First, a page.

Parathyroid hyperplasia is the enlargement of all four parathyroid glands. The parathyroid glands are glands in the neck that produce parathyroid hormone (PTH).
Parathyroid hyperplasia may occur in people without a family history of the disease, or as part of three inherited syndromes:
In people with an inherited syndrome, a changed (mutated) gene is passed down through the family. You only need to get the gene from one parent to develop the condition.
- In MEN I, problems in the parathyroid glands occur, as well as tumors in the pituitary gland and pancreas.
- In MEN IIA, overactivity of the parathyroid glands occurs, along with tumors in the adrenal or thyroid gland.
Parathyroid hyperplasia is more likely to occur as an effect of other medical conditions than from a problem of the parathyroid glands. The most common conditions that can cause parathyroid hyperplasia are chronic kidney disease and chronic vitamin D deficiency.
Exams and Tests
Blood tests will be done to check calcium, phosphorus, magnesium, PTH, and vitamin D levels. A 24-hour urine test may be done to determine how much calcium is being filtered out of the body into the urine.
Bone x-rays and a bone density test (DXA) can help detect fractures, bone loss, and bone softening.
Surgery is the preferred treatment. Usually 3 1/2 glands are removed. The remaining tissue may be implanted in the forearm so a doctor can easily operate on it if symptoms come back. This tissue will also help the body control calcium levels.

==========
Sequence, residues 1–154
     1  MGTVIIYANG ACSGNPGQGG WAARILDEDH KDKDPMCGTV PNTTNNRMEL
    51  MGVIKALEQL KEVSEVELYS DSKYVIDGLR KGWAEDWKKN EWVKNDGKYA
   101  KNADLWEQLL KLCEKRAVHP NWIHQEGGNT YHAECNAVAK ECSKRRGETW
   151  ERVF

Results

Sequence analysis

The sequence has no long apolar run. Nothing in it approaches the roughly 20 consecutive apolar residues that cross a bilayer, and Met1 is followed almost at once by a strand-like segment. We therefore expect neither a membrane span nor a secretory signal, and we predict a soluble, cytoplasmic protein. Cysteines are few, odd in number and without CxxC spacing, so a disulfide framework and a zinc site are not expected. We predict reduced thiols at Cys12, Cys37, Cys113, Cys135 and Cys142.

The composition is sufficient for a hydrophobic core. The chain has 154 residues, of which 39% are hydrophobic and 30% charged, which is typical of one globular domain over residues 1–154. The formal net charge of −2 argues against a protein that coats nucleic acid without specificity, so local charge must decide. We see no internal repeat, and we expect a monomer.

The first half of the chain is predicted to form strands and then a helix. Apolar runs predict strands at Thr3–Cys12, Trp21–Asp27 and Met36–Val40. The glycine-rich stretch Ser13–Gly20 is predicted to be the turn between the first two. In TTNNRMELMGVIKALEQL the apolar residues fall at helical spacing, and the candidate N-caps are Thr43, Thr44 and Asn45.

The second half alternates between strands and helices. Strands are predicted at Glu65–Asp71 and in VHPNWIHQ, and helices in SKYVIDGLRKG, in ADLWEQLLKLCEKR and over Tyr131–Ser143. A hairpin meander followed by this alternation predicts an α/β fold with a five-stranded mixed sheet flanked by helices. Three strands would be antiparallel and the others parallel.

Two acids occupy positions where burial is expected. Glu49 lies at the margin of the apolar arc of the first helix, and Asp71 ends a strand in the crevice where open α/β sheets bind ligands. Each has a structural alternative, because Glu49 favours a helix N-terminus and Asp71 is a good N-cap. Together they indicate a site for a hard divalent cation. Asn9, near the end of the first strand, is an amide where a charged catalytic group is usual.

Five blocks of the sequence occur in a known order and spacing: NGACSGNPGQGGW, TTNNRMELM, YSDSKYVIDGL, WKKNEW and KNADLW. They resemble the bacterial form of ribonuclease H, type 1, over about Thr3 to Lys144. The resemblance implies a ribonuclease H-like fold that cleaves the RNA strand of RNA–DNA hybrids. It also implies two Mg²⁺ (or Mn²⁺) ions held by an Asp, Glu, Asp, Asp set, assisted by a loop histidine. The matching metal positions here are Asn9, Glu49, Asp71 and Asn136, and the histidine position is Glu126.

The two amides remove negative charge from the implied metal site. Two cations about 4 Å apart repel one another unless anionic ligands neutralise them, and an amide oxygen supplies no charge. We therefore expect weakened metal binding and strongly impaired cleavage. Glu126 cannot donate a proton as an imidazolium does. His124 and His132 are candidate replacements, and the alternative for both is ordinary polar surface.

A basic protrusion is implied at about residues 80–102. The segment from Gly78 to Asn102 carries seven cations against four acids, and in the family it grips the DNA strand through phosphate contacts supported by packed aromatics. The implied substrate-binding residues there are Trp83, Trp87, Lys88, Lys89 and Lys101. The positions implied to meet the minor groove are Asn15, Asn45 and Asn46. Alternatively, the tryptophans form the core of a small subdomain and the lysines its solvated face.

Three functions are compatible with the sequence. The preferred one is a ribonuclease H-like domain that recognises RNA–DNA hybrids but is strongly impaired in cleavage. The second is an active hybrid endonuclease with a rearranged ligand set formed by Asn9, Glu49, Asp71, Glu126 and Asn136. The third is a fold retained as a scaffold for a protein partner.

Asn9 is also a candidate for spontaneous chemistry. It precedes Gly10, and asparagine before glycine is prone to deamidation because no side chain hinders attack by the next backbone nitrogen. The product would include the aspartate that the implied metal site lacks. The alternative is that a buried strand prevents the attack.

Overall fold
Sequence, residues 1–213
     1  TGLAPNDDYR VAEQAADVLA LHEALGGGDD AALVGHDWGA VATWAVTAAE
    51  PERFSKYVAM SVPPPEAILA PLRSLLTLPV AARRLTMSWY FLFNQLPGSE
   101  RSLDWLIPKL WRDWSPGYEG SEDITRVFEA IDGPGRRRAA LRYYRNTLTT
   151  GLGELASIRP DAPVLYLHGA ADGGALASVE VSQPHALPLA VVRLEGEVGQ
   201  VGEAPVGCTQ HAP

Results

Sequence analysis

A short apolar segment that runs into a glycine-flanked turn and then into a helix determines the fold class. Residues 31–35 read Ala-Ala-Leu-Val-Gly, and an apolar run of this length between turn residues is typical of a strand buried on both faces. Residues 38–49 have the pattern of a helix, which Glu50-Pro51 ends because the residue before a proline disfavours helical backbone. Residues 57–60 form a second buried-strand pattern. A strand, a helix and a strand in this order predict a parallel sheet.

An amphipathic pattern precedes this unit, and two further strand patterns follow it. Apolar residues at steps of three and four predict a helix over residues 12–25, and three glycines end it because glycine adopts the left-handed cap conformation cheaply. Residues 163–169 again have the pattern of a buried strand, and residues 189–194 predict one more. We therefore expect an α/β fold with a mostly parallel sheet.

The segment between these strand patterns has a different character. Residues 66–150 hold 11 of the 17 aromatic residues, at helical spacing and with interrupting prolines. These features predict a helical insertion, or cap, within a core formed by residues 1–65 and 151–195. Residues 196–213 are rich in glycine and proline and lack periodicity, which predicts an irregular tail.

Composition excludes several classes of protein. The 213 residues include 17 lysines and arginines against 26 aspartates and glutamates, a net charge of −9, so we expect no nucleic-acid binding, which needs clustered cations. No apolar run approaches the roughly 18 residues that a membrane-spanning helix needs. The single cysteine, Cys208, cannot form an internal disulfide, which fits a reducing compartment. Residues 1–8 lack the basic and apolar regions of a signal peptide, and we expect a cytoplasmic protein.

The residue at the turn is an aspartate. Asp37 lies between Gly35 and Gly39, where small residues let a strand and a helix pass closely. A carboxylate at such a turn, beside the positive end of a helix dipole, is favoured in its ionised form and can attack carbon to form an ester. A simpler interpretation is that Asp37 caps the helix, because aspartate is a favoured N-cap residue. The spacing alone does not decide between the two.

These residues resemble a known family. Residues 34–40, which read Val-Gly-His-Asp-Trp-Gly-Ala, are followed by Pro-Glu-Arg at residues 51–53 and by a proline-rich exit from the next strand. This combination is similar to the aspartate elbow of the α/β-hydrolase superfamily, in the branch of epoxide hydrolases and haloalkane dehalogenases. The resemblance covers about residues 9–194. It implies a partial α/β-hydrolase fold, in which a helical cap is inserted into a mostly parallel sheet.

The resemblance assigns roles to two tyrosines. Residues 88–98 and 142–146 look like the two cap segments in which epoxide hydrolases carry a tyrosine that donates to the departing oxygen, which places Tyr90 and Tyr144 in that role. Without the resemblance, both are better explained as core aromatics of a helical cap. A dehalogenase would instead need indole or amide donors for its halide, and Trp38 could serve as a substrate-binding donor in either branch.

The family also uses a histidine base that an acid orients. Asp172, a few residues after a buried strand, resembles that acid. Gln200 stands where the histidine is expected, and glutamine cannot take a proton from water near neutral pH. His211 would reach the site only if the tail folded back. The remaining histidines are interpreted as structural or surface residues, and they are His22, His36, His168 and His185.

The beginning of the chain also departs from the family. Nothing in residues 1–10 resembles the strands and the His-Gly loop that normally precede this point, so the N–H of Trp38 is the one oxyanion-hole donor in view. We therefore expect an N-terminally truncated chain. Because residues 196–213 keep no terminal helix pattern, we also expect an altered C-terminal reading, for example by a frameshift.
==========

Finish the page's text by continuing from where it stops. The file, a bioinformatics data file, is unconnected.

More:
Increased calcium levels persist or return about 20% of the time after surgery. Surgery can sometimes cause hypoparathyroidism, which makes the blood calcium too low.
Parathyroid hyperplasia can cause hyperparathyroidism, which leads to an increase in blood calcium levels.
Patients may also have complications from the other tumors that are part of the multiple endocrine neoplasia syndromes.
When to Contact a Medical Professional
Call your health care provider if:
- You have any symptoms of hypercalcemia
- You have a family history of a MEN syndrome
Patients with a family history of the MEN syndromes may want to have genetic screening to check for the defective gene. Those who have the defective gene may have routine screening tests to detect any early symptoms.
Bringhurst FR, Demay MB, Kronenberg HM. Disorders of mineral metabolism. In: Kronenberg HM, Schlomo M, Polansky KS, Larsen PR, eds. Williams Textbook of Endocrinology. 11th ed. St. Louis, MO: WB Saunders; 2008:chap 27.
Wysolmerski JJ, Insogna KL. The parathyroid glands, hypercalcemia, and hypocalcemia. In: Goldman L, Schafer AI, eds. Goldman's Cecil Medicine. 24th ed. Philadelphia, PA: Elsevier Saunders; 2011:chap 253.
Wysolmerski JJ, Insogna KL. The parathyroid glands, hypercalcemia, and hypocalcemia. In: Kronenberg HM, Schlomo M, Polansky KS, Larsen PR, eds. Williams Textbook of Endocrinology. 11th ed. St. Louis, MO: WB Saunders; 2008:chap 266.
Update Date 8/5/2014
Updated by: Brent Wisse, MD, Associate Professor of Medicine, Division of Metabolism, Endocrinology & Nutrition, University of Washington School of Medicine, Seattle, WA. Also reviewed by David Zieve, MD, MHA, Isla Ogilvie, PhD, and the A.D.A.M. Editorial team.